Our family had moved house four days before war was declared. A week later an evacuation officer came to our door with three young children. My mother protested -but I have four young children of my own there must some mistake- and he left. The house was not connected to the electrical supply and we used oil lamps. During the bombing of Birmingham families came out to us pleading to use our farm buildings at night for shelter. Eventually there were twelve families sleeping at our farm coming out each night and returning each morning.
I was moved into a larger bedroom with my three sisters. And a Greek Cypriote couple with a young baby had my room for about six months.
Dad's small wooden office was occupied by Mr & Mrs Hobbs and their daughter Silvia they owned a fireplace business in Birmingham and remained friends with my parents for many years after the war.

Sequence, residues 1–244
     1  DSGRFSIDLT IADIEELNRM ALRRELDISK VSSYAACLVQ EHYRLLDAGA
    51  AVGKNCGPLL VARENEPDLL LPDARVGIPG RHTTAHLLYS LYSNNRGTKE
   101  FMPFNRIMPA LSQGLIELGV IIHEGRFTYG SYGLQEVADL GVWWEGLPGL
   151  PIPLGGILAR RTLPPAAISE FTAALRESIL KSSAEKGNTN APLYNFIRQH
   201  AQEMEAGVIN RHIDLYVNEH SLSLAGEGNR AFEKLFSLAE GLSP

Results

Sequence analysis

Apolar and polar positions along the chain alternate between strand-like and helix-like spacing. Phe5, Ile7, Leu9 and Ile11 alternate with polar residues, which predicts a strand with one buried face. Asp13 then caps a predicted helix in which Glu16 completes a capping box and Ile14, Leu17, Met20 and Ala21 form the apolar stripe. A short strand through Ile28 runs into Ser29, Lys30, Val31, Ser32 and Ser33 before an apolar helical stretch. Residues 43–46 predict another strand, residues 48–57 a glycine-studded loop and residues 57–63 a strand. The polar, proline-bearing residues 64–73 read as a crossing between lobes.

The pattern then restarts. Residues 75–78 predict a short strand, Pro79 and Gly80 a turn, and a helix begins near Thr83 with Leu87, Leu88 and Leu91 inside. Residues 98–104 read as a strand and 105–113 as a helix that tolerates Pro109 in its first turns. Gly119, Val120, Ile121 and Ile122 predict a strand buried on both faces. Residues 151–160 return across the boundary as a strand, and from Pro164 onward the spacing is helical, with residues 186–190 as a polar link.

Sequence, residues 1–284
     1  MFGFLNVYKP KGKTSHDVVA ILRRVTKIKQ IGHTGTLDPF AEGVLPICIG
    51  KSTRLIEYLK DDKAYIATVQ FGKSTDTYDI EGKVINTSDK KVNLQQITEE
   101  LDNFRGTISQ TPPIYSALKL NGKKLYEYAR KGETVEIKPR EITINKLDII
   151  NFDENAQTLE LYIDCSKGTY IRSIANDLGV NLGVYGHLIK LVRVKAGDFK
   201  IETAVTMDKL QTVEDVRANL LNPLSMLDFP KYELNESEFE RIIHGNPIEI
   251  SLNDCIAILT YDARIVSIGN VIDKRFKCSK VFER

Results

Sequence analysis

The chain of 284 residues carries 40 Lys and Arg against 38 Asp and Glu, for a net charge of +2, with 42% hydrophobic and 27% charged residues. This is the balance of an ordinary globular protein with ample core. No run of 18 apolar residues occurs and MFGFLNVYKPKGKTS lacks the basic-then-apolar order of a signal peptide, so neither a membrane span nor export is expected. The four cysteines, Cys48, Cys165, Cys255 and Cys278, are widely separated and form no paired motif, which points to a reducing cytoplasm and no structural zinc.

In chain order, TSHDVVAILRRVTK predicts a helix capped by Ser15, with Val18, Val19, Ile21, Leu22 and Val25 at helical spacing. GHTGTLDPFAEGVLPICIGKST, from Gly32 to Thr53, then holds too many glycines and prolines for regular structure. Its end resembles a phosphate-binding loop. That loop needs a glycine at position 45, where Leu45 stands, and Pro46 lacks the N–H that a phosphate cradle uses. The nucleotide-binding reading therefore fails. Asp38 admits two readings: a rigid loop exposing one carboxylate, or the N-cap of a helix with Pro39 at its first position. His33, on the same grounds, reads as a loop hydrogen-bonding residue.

Dad climbed on to the roof of the house watching the bombing of Coventry and we lived 14 miles from the centres of Coventry and Birmingham.
A bomb fell about five hundred yards from us by the Black Boy pub at Heronfield and left a huge crater. The German pilots had been trying to locate the locks on the Grand Union canal at Knowle. There was an Anti-Aircraft gun placement 150 yards from the pub behind the hedge of a field bordering the A41 (now A4141) main road from Warwick to Birmingham. One day a German fighter bomber flew very low along the line of the canal. None of the soldiers were with the gun, they were enjoying a pint in the pub -- they scrambled back to the gun very quickly but too late for a shot at the plane: the gun was moved elsewhere shortly afterwards. I don't think it was ever fired from that position.